Black's Theory of Law and Social Control

Bradley Campbell

in Criminology

ISBN: 9780195396607
Published online April 2011 | | DOI:
Black's Theory of Law and Social Control

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Developed by Donald Black and since extended and applied to various subjects by a number of scholars, Black’s theory of law and social control addresses a phenomenon relevant to specialists in nearly every subfield of social science: the handling of human conflict. The theory’s subject matter is present wherever there are moral disputes, wherever one person has a grievance against another, wherever one person defines another’s behavior as deviant. Conflict may occur wherever there is social life, then, and it may lead to arrests, restraining orders, suicides, thefts, boycotts, protests, revolutions, and numerous other responses. But the nature of the disputes themselves does not explain how they are handled. Some insults may lead to homicides, for example, and some homicides may lead to executions. But not all of them do. Likewise not all landlord-tenant disputes result in lawsuits, and not all marital infidelity results in divorce. According to Black’s theory, this kind of variation—variation in social control, or the handling of conflict—can be explained sociologically. Every case of conflict has a social geometry (or social structure) consisting of the social characteristics of everyone involved—such as whether they are wealthy or poor and whether they are intimates or strangers. The geometry of the case predicts how it is handled. This type of explanation—called pure sociology—distinguishes Black’s theory not only from other theories of law and social control but also from all other theoretical paradigms. Pure sociology thus may be applied to subjects other than law and social control. Any form of social life may be explained with its social geometry.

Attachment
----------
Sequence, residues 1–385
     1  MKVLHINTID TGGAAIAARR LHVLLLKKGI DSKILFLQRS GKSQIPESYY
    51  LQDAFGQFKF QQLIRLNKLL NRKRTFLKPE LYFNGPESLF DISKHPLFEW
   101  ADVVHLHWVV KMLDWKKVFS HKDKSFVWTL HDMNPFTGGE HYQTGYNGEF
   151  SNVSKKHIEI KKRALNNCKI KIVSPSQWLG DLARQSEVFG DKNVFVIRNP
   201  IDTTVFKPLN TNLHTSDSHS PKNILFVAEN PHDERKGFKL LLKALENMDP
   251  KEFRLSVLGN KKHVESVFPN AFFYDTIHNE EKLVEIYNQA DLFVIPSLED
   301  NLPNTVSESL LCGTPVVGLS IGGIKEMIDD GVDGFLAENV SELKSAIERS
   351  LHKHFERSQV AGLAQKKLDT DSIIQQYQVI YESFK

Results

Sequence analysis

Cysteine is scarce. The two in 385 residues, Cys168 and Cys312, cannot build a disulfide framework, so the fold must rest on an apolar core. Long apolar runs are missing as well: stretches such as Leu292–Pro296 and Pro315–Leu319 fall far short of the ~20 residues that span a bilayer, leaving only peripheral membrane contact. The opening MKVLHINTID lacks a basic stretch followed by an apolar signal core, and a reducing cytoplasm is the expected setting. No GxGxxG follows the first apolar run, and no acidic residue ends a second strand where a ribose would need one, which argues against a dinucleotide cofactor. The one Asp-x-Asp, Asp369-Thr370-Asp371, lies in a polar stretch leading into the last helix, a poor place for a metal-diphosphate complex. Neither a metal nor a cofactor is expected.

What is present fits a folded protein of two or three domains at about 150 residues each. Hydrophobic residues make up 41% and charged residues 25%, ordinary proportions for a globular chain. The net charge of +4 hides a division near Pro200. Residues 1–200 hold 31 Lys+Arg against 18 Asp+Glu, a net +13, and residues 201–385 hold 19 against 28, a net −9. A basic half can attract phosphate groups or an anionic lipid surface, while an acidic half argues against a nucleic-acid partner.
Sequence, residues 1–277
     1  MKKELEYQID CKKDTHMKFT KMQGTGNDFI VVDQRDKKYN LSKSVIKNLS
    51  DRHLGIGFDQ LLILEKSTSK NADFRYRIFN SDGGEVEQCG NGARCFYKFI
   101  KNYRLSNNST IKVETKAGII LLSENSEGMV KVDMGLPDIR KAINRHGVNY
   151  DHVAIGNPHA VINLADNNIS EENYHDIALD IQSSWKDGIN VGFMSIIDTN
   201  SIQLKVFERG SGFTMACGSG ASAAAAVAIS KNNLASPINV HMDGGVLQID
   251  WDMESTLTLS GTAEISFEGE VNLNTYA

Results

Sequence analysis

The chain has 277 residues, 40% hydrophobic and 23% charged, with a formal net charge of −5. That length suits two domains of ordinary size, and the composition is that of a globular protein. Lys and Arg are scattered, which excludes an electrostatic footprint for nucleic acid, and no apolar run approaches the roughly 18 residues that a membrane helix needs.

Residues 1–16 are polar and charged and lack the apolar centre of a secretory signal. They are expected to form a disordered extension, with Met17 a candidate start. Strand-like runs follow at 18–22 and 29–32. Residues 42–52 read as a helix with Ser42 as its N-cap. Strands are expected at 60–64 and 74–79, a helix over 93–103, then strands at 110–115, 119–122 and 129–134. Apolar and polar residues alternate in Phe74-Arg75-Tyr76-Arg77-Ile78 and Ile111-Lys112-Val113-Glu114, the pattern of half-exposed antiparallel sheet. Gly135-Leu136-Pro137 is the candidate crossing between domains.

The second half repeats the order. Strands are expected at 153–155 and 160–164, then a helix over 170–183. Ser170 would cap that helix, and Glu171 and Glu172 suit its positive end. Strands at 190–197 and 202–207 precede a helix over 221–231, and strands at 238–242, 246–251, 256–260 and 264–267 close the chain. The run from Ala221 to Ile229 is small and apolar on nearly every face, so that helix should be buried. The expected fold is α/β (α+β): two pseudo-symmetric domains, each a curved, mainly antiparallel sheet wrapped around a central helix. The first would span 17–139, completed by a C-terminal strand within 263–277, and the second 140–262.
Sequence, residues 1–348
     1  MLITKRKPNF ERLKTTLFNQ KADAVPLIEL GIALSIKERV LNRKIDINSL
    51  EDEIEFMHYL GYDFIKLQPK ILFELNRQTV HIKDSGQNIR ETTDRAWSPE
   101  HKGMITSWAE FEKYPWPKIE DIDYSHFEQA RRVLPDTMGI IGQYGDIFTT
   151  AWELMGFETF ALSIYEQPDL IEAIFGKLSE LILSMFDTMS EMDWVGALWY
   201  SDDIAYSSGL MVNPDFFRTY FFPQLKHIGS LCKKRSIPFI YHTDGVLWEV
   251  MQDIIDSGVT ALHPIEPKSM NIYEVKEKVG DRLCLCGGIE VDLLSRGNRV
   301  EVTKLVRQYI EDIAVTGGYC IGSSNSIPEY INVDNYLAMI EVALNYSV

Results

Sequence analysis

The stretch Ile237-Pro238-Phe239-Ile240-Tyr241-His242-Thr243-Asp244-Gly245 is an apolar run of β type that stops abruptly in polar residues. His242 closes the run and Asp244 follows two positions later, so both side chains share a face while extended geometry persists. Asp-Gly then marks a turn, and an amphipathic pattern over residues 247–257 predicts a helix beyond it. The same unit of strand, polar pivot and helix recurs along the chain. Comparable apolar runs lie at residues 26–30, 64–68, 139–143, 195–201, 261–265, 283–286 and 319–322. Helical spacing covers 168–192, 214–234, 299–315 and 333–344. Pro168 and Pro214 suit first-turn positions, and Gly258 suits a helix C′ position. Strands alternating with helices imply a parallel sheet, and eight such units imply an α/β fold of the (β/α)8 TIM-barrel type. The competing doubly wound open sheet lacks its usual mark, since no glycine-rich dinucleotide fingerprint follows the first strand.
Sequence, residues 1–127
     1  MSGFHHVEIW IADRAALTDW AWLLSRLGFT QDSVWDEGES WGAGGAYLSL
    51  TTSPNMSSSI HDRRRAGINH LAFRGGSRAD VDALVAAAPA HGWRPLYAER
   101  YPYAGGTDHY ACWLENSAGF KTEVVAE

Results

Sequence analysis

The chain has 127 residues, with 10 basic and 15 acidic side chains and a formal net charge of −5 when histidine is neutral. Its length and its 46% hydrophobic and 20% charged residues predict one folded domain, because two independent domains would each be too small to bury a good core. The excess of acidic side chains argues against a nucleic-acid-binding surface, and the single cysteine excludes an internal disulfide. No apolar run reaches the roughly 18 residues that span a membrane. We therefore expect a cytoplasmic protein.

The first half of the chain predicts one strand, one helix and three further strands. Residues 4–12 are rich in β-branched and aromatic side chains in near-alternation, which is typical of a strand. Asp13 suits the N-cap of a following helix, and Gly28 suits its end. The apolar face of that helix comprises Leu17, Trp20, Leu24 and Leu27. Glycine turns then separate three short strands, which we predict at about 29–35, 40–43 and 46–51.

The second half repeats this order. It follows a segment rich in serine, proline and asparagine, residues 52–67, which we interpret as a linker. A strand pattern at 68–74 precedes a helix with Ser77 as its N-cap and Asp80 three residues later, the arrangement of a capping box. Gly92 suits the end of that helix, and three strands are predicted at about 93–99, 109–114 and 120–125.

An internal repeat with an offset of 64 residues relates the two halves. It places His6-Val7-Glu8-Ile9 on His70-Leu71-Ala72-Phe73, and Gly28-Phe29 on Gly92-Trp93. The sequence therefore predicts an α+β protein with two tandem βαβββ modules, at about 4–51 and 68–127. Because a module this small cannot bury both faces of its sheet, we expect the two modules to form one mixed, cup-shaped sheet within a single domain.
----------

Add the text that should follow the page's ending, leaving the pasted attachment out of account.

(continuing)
Article.  11835 words. 

Subjects: Criminology and Criminal Justice ; Criminal Justice ; Criminology

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